$

 
$

 
$
1

 
$
1

Interest cost
1

 
1

 
3

 
3

Amortization of net actuarial gain/prior service credit
(117
)
 
(118
)
 
(351
)
 
(354
)
Net periodic benefit recognized
$
(116
)
 
$
(117
)
 
$
(347
)
 
$
(350
)
The Company also maintains qualified defined contribution plans, which provide benefits to its eligible employees based on employee contributions, years of service, and employee earnings with discretionary contributions allowed. Expenses related to these plans were $0.2 million and $0.3 million for the three months ended September 30, 2013 and 2012 , respectively, and $0.7 million and $0.7 million for the nine months ended September 30, 2013 and 2012 , respectively.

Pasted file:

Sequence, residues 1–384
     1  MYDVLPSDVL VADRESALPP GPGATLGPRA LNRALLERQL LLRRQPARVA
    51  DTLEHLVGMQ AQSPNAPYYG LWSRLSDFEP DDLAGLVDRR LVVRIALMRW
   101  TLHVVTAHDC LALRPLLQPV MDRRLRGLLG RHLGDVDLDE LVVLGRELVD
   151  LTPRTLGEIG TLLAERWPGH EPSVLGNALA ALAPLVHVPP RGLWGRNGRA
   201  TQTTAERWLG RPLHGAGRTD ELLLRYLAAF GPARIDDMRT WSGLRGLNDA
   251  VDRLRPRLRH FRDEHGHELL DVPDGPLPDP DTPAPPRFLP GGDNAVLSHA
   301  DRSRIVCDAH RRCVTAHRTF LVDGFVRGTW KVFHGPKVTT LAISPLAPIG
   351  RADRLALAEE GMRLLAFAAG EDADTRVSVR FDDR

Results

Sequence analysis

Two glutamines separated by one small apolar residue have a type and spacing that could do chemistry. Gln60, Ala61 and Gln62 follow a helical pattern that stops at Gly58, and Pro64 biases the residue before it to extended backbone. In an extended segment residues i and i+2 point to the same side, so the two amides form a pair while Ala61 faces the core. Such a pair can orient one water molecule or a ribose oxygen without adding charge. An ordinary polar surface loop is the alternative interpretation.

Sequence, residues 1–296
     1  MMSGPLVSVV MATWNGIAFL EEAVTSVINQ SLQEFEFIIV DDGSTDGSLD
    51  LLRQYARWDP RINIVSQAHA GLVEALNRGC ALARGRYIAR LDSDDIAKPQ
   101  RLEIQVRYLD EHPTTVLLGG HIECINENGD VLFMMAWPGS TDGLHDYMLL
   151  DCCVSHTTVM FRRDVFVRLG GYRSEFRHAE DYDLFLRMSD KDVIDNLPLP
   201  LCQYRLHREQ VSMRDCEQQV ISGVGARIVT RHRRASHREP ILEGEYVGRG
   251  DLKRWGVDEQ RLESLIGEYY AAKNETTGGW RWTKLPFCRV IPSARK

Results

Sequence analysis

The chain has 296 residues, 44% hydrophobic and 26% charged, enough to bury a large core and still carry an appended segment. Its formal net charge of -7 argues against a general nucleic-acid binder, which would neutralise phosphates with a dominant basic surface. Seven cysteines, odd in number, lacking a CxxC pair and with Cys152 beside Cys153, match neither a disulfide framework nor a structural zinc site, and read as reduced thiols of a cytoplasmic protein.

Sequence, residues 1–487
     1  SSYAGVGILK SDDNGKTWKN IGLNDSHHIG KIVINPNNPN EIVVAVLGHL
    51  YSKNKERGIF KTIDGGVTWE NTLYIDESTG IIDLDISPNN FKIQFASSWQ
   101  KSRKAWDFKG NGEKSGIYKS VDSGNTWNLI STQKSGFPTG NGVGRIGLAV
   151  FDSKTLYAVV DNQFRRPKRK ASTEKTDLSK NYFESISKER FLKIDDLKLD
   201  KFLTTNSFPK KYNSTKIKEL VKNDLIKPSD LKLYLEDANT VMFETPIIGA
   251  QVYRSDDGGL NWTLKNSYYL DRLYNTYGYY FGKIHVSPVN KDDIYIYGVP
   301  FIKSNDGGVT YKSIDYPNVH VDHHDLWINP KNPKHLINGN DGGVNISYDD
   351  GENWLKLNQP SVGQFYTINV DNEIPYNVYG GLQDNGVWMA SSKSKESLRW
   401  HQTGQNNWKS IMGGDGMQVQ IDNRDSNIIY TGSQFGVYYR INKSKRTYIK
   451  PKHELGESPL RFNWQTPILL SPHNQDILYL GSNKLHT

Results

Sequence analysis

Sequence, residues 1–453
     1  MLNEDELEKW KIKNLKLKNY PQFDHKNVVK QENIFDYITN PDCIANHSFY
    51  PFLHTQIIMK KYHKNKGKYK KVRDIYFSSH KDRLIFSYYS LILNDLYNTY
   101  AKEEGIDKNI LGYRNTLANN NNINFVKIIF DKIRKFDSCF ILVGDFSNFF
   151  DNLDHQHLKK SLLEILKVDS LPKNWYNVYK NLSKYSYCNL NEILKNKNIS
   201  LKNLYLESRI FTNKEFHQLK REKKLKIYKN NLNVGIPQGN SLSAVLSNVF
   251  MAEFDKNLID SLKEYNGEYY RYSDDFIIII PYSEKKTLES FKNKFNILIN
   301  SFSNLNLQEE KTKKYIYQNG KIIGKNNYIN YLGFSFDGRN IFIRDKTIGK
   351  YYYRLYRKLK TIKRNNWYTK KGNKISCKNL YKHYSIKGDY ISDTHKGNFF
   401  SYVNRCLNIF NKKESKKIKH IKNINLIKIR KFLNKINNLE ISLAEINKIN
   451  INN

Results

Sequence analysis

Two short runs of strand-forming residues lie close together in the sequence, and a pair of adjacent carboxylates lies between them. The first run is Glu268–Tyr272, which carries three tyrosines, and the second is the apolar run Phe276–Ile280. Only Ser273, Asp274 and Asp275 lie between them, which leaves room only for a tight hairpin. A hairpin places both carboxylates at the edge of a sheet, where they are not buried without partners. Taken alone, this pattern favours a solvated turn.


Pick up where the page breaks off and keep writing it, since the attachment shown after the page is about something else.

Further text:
16


Note 14 — Commitments and Contingencies